CanguRo takes its name from the Italian word for kangaroo, but this particular robot prefers to roll than hop.
Unveiled this week in Japan, the three-wheeler is part autonomous assistant and part self-driving mobility vehicle.
It’s the creation of Shunji Yamanaka from the University of Tokyo and Takayuki Furuta of the Future Robotics Technology Center (fuRo) at Chiba Institute of Technology, Japan Trends reports.
As an assistant, CanguRo can follow you around, carrying heavy loads such as shopping to your home. But if your legs get tired and you’d prefer not to walk, a tap on the accompanying app will prompt the robot to quickly transform into a mobility vehicle that’ll transport you to your destination at a gentle speed of 6.2 mph (10 kmh).
Although it can drive autonomously using mapping and positioning data as well as image recognition technology, manual control is also possible, with the rider able to control the speed with a throttle, and the direction by leaning left or right. While in manual mode, a smart-stop feature will take over if a hazard is detected up ahead.
“With this machine, we aim to realize a complete fusion of robot technology and mobility,” Furuta told the Japan Times at the unveiling event this week.
CanguRo is still being developed — the team is currently working on giving it speech capabilities to offer the user a much more personal experience. Judging by the kind of friendly looks CanguRo receives from the lad in the video above, turning the machine into a kind of robot buddy appears central to future development work.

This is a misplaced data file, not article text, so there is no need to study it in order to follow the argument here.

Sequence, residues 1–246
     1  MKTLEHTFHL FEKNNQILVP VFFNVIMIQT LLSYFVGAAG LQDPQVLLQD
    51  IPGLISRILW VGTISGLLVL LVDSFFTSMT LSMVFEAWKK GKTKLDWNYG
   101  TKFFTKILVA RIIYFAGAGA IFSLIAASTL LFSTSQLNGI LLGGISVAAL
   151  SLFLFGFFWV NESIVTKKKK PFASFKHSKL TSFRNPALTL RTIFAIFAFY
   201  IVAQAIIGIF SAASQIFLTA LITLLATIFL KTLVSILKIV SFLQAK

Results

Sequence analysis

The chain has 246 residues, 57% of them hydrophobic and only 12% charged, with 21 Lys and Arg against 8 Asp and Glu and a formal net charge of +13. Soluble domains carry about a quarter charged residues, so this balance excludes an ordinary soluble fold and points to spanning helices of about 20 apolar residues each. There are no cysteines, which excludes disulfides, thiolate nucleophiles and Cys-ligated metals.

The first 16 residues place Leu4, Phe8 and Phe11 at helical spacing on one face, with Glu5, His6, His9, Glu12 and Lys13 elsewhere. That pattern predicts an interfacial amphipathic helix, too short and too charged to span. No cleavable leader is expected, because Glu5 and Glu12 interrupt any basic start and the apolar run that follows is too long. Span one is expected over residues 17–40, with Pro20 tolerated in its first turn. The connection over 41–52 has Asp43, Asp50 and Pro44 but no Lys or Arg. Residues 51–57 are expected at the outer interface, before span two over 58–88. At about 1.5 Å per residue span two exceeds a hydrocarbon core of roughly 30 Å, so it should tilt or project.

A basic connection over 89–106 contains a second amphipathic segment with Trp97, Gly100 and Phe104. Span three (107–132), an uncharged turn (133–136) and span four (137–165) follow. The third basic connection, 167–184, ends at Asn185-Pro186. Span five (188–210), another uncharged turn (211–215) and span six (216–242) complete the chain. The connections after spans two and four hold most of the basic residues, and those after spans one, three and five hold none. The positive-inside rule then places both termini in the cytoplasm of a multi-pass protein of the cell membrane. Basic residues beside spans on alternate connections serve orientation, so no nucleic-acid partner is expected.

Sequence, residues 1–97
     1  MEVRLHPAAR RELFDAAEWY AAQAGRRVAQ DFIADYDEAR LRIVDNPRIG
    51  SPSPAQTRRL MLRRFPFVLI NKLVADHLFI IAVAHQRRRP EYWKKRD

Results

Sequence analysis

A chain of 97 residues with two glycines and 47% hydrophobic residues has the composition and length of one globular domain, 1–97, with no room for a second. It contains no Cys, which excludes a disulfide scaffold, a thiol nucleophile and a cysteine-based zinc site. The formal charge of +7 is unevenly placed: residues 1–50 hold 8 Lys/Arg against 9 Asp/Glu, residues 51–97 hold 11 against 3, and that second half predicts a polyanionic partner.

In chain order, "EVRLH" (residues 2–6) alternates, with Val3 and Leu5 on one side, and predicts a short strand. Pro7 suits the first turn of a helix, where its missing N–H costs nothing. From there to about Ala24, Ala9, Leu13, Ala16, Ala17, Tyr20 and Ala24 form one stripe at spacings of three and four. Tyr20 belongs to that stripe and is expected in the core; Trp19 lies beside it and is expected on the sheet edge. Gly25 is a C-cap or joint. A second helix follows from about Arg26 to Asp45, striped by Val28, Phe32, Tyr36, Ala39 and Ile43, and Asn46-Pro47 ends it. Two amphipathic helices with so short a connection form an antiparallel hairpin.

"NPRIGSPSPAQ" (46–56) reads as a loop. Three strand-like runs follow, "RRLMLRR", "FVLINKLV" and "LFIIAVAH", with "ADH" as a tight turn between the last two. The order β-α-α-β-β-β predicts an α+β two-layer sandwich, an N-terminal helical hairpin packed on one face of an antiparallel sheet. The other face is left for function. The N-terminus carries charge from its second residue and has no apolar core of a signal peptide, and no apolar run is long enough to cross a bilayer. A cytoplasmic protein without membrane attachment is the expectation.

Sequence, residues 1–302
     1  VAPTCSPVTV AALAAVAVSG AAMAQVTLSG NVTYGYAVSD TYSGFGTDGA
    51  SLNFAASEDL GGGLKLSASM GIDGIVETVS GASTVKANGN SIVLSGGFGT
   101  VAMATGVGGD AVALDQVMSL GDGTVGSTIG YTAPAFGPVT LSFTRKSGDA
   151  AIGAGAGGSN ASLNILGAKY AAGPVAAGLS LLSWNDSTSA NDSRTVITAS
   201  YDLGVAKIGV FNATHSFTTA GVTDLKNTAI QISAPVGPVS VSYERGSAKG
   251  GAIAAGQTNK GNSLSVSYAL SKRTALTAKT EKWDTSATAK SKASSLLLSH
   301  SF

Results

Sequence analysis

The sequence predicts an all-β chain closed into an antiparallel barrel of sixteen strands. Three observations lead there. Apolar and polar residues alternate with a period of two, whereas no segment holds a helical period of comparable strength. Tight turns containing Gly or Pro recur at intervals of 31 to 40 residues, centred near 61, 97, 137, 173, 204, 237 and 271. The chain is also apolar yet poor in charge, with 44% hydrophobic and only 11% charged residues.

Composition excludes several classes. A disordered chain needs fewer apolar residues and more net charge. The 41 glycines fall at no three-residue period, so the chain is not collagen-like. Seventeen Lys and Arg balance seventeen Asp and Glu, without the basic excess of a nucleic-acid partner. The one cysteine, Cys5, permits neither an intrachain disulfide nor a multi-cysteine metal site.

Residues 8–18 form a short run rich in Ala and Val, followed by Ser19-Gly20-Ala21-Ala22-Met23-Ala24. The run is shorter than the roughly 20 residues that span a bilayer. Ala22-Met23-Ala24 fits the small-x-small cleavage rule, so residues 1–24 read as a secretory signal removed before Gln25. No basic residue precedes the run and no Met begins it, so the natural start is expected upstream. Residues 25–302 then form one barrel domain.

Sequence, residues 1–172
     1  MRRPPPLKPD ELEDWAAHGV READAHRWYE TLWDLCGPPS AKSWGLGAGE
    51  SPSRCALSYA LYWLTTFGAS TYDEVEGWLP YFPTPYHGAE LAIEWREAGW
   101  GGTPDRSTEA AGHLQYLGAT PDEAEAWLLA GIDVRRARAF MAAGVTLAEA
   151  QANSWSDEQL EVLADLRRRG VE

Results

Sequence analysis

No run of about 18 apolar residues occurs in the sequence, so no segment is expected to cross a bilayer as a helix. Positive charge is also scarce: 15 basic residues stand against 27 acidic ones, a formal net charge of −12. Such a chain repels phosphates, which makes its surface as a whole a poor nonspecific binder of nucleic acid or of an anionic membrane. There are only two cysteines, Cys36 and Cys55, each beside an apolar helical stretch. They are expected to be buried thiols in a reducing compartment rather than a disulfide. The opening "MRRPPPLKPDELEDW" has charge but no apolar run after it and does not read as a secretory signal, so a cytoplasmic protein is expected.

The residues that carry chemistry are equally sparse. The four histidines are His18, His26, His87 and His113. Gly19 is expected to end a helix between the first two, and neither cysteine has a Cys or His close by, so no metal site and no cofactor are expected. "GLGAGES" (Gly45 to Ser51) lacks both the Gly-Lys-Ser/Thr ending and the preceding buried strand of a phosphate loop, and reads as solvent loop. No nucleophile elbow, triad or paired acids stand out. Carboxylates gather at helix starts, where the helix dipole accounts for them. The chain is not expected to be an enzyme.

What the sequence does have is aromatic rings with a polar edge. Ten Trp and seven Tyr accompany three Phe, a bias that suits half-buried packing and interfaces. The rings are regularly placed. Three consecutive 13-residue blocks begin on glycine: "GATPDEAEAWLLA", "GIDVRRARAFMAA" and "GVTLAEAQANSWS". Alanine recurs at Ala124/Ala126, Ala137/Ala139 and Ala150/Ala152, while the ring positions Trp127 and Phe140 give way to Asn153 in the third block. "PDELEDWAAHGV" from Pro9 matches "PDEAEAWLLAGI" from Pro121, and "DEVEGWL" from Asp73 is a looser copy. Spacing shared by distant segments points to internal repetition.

The video shows CanguRo tootling along with the guy, who then hops on for a leisurely ride to nowhere in particular. Next, he tries out its autonomous mode by using the app to send it by itself to another location a short distance away. The video ends with the guy riding CanguRo in a sports hall filled with lots of bouncing basketballs. No, we’re not sure what that has to do with a mobility vehicle, either.
A growing number of companies are looking into the idea of developing small robot transporters, with Honda, for example, recently unveiling several concept designs. Among them is the awkwardly named 3E-B18, a single-seat mobility vehicle for casual use in indoor or outdoor spaces, while the 3E-C18 (it doesn’t get any better, does it) is a small-sized, wheel-based electric machine that also includes a small cargo space.
If you like the look of CanguRo and you happen to be in Los Angeles over the summer, you will be able to catch it in action at Japan House, an exhibition center showcasing Japanese products and culture.
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